In part due to Zone Green, the world’s largest rooftop farm could be coming soon to one of New York City’s biggest food distribution centers in the Hunts Point section of The Bronx.
How does Carnegie Hall plan to reach LEED Silver status? Practice, practice, practice. (Well, that and an ambitious green retrofit)
They don’t have the aesthetic appeal of green roofs, but white roofs are great at saving energy. So why aren’t they everywhere yet?
They’re about as beautiful a manifestation of green building as exists, and benefit from a generous tax credit. So why aren’t green roofs catching on in New York City?
Brooklyn Grange is going to be a one-acre working farm on a rooftop in Long Island City, once it gets its paperwork straightened out. It’s also a quandary for green-leaning folks.
Designed by Cook + Fox Architects, the Hegeman Residence will pursue a LEED Silver rating from USGBC and exclusively offer studios, 61 of which will be set aside for low-income individuals from the surrounding neighborhood (which, incidentally, is one of the poorest in New York City and where a disproportionate number of residents become homeless).
Hartford already has its share of green buildings — from ultra-green duplexes in the Swift Village neighborhood to Pelli Clarke Pelli’s striking LEED Silver Connecticut Science Center on the waterfront — but a vibrant city center is one vital sustainable element the city still lacks.
Recently, there have been a number of articles suggesting that the risks associated with green roofs have been overblown. Over the past few days, I’ve spent some time looking for more concrete examples of green roof-related risks in practice. I started by looking for case law where a plaintiff alleged an attractive nuisance claim against the owner of a building arising out of a green roof or other rooftop landscaping. Westlaw did not return any results entirely on point, but I did find a number of interesting attractive nuisance decisions which I may present in a subsequent post here at GRELJ. The much more practical research that I turned up was the following except from an article by Kelly Luckett, the self-proclaimed “Green Roof Guy” who writes a column for greenroofs.com. In a column from the very end of 2008, Mr. Luckett describes how uneducated project teams may unwittingly expose themselves to unanticipated risks stemming from the maintenance requirements of green roof installations. His remarks also reflect a number of key points we’ve made consistently both here at GRELJ and over at gbNYC with respect to the additional risk management strategies demanded by new green building technologies and third-party certification programs.
Notwithstanding many of the persistent- and still emerging- concerns over the increased risks from their installation, Toronto is on the verge of becoming the first city in North America to mandate green roofs for most types of new construction. By a vote of 36-2 which, according to the National Post, “was adopted after remarkably little debate on the floor of council,” the sweeping legislation requires green roofs on all residential buildings over 6 stories, schools, affordable housing developments, commercial, and industrial buildings.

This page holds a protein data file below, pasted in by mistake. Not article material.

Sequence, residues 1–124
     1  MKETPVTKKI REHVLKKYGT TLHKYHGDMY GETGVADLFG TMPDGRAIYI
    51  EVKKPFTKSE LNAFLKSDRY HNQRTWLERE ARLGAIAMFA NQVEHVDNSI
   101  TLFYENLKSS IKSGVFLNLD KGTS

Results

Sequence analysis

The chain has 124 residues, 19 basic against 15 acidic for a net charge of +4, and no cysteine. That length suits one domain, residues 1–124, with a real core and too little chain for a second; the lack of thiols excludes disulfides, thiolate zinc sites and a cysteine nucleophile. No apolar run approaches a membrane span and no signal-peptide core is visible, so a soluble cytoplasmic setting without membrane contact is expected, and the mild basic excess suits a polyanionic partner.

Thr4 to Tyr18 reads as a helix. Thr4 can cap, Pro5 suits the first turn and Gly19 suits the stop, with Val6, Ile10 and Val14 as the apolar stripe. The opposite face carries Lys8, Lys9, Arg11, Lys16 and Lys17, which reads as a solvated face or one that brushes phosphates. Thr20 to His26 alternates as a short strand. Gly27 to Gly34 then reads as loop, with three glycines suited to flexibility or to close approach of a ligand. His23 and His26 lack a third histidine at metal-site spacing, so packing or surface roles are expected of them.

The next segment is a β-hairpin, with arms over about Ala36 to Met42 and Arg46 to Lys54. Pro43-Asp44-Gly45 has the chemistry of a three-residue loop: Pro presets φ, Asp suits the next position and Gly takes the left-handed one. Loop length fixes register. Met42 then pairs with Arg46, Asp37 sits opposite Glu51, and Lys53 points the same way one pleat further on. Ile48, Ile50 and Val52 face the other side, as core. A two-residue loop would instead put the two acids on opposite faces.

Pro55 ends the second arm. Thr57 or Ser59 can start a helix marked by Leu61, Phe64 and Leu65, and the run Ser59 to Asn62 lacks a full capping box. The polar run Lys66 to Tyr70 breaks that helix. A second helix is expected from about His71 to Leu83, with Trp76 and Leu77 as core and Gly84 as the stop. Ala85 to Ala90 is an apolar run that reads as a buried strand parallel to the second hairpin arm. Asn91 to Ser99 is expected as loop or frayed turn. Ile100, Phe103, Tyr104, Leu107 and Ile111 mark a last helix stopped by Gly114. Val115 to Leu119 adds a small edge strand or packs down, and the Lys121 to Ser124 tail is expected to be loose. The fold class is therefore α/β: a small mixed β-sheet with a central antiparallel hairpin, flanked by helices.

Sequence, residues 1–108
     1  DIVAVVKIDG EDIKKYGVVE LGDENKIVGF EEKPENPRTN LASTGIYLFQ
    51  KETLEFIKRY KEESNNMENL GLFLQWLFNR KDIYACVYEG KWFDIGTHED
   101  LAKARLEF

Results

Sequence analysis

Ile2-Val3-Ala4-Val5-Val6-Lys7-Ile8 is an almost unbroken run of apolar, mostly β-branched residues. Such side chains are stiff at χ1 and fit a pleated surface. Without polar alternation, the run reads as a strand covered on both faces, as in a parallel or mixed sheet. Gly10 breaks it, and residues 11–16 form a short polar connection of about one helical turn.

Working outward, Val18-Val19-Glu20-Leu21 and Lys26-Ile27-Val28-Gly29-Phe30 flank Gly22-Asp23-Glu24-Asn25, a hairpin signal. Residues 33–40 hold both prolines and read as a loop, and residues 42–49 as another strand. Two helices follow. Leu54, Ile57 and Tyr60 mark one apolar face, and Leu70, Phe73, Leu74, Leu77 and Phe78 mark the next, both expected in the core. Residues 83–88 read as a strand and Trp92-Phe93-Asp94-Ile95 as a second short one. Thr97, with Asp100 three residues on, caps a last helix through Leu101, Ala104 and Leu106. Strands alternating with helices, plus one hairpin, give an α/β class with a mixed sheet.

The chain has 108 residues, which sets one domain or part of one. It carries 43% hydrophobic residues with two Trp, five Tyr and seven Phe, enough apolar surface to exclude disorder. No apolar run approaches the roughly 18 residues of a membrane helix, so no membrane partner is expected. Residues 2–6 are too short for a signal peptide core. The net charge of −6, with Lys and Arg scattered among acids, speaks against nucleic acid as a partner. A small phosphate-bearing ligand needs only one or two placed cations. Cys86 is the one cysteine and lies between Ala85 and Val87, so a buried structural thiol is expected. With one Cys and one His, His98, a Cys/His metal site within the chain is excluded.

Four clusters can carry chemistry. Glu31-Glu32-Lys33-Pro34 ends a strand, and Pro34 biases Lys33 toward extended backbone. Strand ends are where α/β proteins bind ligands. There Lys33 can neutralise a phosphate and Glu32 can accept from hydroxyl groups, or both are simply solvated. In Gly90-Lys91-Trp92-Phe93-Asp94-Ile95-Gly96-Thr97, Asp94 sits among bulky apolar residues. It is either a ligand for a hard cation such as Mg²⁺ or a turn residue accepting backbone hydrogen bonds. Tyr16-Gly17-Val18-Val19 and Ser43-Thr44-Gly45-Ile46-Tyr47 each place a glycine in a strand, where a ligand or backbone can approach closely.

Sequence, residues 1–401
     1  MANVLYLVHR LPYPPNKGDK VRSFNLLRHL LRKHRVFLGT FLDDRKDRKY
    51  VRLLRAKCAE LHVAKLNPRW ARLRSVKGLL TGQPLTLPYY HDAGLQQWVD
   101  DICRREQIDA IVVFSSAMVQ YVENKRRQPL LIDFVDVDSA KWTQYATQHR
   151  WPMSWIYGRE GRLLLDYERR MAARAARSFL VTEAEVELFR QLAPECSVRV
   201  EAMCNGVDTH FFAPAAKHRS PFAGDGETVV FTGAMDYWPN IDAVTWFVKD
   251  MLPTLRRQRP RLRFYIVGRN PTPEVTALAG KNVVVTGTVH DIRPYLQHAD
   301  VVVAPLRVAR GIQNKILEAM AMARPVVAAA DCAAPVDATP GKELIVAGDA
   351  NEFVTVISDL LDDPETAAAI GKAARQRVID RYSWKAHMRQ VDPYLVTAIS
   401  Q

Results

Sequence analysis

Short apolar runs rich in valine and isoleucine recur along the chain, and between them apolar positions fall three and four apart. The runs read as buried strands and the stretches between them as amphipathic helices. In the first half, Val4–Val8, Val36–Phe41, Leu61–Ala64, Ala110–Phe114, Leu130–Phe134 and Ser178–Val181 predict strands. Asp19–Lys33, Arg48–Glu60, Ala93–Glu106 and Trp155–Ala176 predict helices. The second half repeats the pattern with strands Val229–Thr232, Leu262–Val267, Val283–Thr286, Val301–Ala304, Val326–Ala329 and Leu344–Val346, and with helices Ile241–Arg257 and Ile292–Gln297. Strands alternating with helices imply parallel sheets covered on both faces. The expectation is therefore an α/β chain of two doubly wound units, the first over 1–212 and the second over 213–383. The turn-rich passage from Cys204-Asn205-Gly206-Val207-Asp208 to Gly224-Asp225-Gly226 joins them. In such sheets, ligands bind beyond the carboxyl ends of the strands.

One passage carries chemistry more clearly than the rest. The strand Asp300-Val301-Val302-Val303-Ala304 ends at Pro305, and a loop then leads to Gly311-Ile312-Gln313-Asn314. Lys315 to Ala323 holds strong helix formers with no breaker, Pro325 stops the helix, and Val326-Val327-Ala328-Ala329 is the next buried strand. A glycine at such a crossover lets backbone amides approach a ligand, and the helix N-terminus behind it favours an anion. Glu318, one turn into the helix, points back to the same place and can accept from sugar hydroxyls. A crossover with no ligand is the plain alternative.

Green roofs have been a part of building for over a thousand years. The current green building movement has, however, had the greatest impact on the growth of the green roofing industry. A green roof is commonly defined as a roof that consists of vegetation and soil, or a growing medium, planted over a waterproofing membrane. There are two basic types of green roofs: (i) an extensive roof, which has a few inches of soil cover; and (ii) an intensive roof that has two feet or more of soil for a variety of grass, trees, bushes and shrubs. Green roofs are used in a multitude of buildings, including industrial facilities, commercial offices, retail properties and residences. The benefits of a green roof include reduced storm-water runoff, absorption of air pollution, reduced heat island effect, protection of underlying roof material from sunlight, reduced noise, and insulation from extreme temperatures. A green roof can thus be a critical design element for a green building. As more properties across the country are attempting to obtain LEED certification, it is worth noting that a green roof can help a property obtain over a dozen LEED credits, including credits for reduced site disturbance, landscape design that reduces urban heat islands, storm water management, water efficient landscaping, innovative wastewater technologies and innovation in design. The increase in green roofs and the green building movement is also resulting in an increase in liability resulting from errors in the design, installation or maintenance of green roofs. As a result, owners, design professionals and contractors should carefully consider ways to mitigate the potential risks involved with building a green roof.